The pound tumbled below $1.60 for the first time since November, sapped by signs growth in the U.K. is losing momentum as the U.S. economy gathers strength.
An eight-day run of losses, the longest stretch since July, has hauled the British currency down 2.6 percent versus its American counterpart. It’s now more than 7 percent below this year’s high of $1.7192, a rate set in July that was the strongest level since 2008.
Fueling the declines today were reports showing growth in U.K. services is decelerating at a faster pace than economists estimated, while a surge in hiring across the Atlantic sent unemployment to a six-year low. The data added to evidence that the U.S. may be better able to withstand an increase in interest rates earlier than Britain.
“The dollar is performing well across the board after the nonfarm payrolls data and pound-dollar is lower as a consequence,” said Neil Jones, head of hedge-fund sales at Mizuho Bank Ltd. in London. “Data divergence is behind the pound-dollar move. The market will be revising interest-rate increases. Some expectation may result in forecasts for a Federal Reserve rate hike prior to a Bank of England hike.”
The pound declined 1.1 percent to $1.5965 at 4:15 p.m. London time, the biggest drop since Sept. 8. It touched $1.5952, the weakest level since November. The U.K. currency strengthened 0.1 percent to 78.38 pence per euro.
Traders have been pushing back bets on when the Bank of England will raise borrowing costs from a record low at the same time as speculation mounts that the Fed is moving closer to an increase in interest rates. Foreign-exchange dealers tend to favor currencies of countries where interest rates are rising as deposits or investments will earn a higher return.
In the U.K., forward contracts based on the sterling overnight interbank average, or Sonia, show investors are speculating the Bank of England won’t raise rates by 25 basis points until June. As recently as August they were betting on February.
Traders see a 77 percent chance the Fed will raise rates by September, up from a 69 percent chance three months ago.
While sterling is falling against the dollar, it set a two-year high against the euro this week on relatively weaker growth in the 18 nations that share the currency. The pound rounded out a sixth-straight month of gains through Sept. 30.
Markit Economics’s Purchasing Managers’ Index for U.K. services fell to 58.7 from a 10-month high of 60.5 in August, today’s report showed. Economists had forecast a decline to 59, based on the median estimate in a Bloomberg News survey. Markit said the gauge, along with its factory and construction surveys, indicates the economy grew 0.8 percent in the third quarter, down from 0.9 percent in the second.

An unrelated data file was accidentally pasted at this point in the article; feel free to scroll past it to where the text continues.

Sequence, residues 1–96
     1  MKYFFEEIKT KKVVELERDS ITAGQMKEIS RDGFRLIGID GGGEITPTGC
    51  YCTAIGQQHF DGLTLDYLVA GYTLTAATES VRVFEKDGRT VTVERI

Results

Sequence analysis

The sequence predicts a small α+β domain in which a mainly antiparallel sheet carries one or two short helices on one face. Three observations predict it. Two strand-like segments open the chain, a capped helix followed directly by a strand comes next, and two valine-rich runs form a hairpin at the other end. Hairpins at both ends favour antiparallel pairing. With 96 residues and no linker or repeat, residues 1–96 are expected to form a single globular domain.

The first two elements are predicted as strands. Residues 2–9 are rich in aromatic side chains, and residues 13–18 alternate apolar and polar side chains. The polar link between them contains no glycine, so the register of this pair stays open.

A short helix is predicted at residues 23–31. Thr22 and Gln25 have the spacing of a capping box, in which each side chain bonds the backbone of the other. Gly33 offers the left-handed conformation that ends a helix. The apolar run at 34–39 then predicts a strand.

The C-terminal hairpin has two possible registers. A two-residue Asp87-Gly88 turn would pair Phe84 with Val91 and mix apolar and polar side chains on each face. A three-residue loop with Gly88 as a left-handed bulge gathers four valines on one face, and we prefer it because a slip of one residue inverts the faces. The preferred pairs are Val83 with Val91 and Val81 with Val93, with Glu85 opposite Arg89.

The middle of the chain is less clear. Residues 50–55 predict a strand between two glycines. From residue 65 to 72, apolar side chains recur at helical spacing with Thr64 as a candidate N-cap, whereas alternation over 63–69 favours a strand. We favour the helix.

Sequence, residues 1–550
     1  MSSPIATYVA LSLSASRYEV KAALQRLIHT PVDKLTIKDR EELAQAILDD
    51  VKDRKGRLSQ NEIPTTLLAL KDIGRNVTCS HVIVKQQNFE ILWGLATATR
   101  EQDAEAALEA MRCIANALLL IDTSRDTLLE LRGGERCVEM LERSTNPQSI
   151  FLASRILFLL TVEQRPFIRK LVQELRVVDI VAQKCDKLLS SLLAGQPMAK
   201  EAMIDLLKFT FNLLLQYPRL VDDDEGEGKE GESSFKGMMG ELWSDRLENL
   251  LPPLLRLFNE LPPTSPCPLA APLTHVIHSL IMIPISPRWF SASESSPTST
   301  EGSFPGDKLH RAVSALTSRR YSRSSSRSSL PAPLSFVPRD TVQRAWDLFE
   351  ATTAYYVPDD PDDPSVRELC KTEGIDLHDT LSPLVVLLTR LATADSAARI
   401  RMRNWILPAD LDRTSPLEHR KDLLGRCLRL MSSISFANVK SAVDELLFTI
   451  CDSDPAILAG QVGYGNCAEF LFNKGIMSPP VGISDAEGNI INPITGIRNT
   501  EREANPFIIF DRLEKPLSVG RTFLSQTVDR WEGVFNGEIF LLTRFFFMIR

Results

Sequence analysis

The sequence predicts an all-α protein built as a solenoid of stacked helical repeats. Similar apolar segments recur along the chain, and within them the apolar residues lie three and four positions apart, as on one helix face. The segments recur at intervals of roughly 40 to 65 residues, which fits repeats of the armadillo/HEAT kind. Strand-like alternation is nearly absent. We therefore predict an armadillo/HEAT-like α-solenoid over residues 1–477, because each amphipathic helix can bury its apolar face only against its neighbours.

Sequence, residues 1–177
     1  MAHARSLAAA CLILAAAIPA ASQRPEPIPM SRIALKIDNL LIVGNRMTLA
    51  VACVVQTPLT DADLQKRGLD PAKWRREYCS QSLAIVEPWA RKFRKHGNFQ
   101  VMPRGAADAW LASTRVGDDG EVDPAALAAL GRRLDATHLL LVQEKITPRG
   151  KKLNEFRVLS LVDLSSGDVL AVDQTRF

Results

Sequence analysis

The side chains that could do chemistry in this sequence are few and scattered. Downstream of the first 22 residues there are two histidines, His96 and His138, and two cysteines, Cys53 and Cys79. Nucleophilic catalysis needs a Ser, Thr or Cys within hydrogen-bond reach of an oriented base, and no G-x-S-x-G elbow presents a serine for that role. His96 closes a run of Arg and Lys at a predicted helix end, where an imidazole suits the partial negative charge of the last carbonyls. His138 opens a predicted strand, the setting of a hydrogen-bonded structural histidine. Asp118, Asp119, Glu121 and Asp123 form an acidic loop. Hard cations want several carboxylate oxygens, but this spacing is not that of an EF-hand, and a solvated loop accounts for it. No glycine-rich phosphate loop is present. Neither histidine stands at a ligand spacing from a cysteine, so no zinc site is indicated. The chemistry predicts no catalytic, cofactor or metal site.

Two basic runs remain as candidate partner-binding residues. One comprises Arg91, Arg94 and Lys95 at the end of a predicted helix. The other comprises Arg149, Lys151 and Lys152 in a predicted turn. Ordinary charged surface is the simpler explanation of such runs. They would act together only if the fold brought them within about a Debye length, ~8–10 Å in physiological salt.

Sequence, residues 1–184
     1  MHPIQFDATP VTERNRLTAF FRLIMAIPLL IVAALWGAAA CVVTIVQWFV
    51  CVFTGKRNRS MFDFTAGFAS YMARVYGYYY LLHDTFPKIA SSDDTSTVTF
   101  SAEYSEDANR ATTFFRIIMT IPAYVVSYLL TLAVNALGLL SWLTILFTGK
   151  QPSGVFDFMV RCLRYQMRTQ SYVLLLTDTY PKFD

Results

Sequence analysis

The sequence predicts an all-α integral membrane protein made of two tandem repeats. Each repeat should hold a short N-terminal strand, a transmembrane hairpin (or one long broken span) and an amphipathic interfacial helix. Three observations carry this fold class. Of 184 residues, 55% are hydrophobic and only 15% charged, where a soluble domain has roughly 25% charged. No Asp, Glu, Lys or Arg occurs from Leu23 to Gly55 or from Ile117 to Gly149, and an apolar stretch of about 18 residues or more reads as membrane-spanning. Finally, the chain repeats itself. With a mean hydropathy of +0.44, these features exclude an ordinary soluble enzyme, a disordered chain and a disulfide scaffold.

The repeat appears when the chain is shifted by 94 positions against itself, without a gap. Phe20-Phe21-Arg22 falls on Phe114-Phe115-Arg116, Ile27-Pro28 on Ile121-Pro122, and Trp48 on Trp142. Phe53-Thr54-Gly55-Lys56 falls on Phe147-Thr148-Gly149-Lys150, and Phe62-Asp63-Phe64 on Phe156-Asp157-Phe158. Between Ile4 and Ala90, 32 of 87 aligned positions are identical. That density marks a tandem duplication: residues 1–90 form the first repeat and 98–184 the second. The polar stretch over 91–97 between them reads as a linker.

U.S. employers added 248,000 jobs in September, from an upwardly revised 180,000 the previous month, the Labor Department said today. That’s more than the 215,000 median forecast of economists surveyed by Bloomberg. The unemployment rate fell to a six-year low of 5.9 percent.
Britain’s government bonds fell for the first time in five days. Gilts declined before the U.K. debt office is scheduled to sell 2.25 billion pounds in bonds due in 2045 next week. Ten-year benchmark securities were still higher on the week as funds sought to align holdings with indexes they track for the end of the month.
“We’ve had some short-term factors that have aided the gilt market with light supply and index month-end events,” said Simon Peck, a rates strategist at Royal Bank of Scotland Group Plc in London. “Now we are going through a reassessment of the fact supply returns, long-end issuance next week, last week of buybacks, the issuance schedule picks up into the end of the year and that feeds through into valuations.”
The 10-year gilt yield rose seven basis points, or 0.07 percentage point, to 2.40 percent. That’s down from 2.47 percent at the end of last week. The price of the 2.75 percent bond due in September 2024 fell 0.645, or 6.45 pounds per 1,000-pound face value, today to 103.105.
The U.S. five-year yield rose above that on similar-maturity gilts this week, an additional sign investors were betting on relatively higher interest rates in America.
Gilts returned 8.3 percent this year through yesterday, Bloomberg World Bond Indexes show. Treasuries gained 4.2 percent and German securities earned 7.6 percent.